Pedram Mohseni, a professor of electrical engineering and computer science at Case Western Reserve University, and Randolph J. Nudo, a professor of molecular and integrative physiology at Kansas University Medical Center, believe repeated communications between distant neurons in the weeks after injury may spark long-reaching axons to form and connect.
Their work is inspired by the traumatic brain injuries suffered by ground troops in Afghanistan and Iraq. Despite improvements in helmets and armor, brain trauma continues to be the signature injury of these wars.
Brain damage carries a heavy toll that may include loss of coordination, balance, mobility, memory and problem-solving skills, with soldiers suffering from mood swings, depression, anxiety, aggression, social inappropriateness and emotional outbursts.
Scientists believe that as the brain develops, it naturally establishes and solidifies communication pathways between neurons that repeatedly fire together.
Nudo and others have found that during the month following injury the brain is redeveloping, with fibers that connect different parts of the brain undergoing extensive rewiring.
"The month following injury is a window of opportunity," Mohseni said. "We believe we can do this with an injured brain, which is very malleable."
Mohseni has been building a multichannel microelectronic device to bypass the gap left by injury. The device, which he calls a brain-machine-brain interface, includes a microchip on a circuit board smaller than a quarter. The microchip amplifies signals, called neural action potentials, produced by the neurons in one part of the brain and uses an algorithm to separate these signals – brain spike activity - from noise and other artifacts. Upon spike discrimination, the microchip sends a current pulse to stimulate neurons in another part of the brain, artificially connecting the two brain regions.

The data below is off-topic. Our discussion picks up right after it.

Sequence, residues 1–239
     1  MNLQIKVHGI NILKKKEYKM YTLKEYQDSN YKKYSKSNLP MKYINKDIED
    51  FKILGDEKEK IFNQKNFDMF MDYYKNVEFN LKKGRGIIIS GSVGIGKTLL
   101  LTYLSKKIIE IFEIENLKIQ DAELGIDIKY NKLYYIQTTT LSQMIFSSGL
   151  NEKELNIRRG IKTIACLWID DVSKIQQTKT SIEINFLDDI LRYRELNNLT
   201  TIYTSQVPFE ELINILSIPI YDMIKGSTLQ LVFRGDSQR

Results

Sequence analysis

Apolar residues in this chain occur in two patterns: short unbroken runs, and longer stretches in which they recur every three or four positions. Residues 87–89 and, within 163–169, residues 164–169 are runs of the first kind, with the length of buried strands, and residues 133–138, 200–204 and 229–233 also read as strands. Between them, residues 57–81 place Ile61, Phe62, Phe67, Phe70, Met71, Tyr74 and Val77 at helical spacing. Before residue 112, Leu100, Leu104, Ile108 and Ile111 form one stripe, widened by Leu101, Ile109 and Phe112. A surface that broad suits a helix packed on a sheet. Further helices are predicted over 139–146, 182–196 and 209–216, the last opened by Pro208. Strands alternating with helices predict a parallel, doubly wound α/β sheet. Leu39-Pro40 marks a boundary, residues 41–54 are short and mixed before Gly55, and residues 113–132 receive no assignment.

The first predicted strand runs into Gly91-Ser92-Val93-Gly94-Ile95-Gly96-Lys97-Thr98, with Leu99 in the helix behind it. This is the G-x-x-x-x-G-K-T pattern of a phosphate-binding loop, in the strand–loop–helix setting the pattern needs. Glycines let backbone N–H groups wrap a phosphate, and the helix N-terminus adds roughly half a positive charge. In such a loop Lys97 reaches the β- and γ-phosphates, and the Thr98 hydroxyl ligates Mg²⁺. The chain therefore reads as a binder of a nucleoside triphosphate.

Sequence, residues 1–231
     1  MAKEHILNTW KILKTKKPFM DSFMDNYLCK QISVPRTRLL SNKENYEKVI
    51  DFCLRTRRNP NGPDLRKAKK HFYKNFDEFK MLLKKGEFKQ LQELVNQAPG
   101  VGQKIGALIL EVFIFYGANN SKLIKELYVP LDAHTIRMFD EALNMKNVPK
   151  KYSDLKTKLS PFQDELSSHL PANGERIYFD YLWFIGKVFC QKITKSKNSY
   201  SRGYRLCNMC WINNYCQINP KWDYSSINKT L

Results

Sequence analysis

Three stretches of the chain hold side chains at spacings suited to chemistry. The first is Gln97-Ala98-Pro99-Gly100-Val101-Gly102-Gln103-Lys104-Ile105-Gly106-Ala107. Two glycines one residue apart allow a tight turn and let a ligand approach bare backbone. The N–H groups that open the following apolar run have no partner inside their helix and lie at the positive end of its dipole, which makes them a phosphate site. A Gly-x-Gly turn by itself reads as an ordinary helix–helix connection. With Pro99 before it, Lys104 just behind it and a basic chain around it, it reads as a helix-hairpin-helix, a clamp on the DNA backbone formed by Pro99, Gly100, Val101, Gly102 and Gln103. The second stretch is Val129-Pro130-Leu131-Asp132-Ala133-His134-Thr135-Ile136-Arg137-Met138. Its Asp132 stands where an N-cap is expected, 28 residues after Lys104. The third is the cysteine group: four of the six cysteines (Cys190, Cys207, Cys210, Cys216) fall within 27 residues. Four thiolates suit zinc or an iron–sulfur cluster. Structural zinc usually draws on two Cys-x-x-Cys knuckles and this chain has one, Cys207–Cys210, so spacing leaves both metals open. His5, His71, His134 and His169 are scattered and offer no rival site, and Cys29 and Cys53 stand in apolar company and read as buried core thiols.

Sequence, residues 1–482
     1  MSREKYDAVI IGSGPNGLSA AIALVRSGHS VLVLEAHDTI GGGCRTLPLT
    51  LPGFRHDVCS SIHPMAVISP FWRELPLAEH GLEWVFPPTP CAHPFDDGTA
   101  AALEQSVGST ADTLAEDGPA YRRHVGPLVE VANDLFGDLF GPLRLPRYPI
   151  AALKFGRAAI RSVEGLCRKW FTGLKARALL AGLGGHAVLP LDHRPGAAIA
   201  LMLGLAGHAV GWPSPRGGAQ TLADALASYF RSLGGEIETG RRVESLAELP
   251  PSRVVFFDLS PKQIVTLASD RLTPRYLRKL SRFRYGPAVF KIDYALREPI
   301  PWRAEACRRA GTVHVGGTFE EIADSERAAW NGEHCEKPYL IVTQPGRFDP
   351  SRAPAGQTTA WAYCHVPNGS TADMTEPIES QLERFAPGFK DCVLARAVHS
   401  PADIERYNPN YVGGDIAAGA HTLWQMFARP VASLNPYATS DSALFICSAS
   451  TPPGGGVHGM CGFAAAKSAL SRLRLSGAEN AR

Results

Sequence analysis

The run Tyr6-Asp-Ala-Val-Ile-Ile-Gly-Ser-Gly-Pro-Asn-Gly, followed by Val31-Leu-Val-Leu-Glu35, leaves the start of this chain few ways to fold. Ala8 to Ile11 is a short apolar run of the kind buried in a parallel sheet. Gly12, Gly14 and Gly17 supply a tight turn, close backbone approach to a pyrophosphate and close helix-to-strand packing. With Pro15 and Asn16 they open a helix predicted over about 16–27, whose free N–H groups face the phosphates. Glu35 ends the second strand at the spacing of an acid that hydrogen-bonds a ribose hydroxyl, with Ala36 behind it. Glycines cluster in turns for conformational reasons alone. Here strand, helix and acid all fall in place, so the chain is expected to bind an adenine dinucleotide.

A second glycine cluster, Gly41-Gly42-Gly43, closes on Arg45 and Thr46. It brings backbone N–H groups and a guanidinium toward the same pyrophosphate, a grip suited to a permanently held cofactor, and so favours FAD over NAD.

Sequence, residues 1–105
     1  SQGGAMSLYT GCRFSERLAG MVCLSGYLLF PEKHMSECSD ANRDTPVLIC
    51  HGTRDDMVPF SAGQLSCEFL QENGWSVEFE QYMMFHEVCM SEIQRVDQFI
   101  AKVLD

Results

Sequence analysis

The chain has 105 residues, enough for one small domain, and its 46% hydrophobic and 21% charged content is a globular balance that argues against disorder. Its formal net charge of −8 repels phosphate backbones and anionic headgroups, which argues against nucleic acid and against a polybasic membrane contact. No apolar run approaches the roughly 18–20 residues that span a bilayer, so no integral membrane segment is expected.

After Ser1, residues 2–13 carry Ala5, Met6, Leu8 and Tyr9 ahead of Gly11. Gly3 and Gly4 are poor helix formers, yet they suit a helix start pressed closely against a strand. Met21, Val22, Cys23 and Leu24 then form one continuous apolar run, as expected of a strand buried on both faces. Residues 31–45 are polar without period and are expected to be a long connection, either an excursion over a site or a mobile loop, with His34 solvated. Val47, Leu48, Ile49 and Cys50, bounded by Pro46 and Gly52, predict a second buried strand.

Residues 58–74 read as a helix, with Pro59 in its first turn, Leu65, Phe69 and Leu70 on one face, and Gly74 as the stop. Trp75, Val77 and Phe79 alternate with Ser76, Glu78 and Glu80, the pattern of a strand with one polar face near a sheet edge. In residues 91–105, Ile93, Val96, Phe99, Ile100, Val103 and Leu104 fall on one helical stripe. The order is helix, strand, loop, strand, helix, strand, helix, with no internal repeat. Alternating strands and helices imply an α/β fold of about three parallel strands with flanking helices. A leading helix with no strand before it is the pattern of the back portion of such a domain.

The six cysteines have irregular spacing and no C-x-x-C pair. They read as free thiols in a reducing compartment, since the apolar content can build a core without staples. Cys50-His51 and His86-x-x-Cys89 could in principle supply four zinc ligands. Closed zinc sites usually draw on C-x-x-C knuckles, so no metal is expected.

The miniature device currently remains outside the body, connecting to microelectrodes implanted in two regions of the brain.
Nudo has been studying and mapping brain connectivity in a rat model and developing a traumatic brain injury model to test the device and the neuroanatomical rewiring theory.
The researchers began collaborating in 2007. This month they received a $1.44 million grant from the Department of Defense Congressionally Directed Medical Research Program to continue their work and begin testing and improving the device.
During the next four years, they expect to understand the ability to rewire the brain in a rat model and to determine whether the technology is safe enough to test in non-human primates. If tests show the treatment is successful in helping recovery from traumatic brain injury, the researchers foresee the possibility of using the approach in patients 10 years from now.
Kevin Mayhood | EurekAlert!
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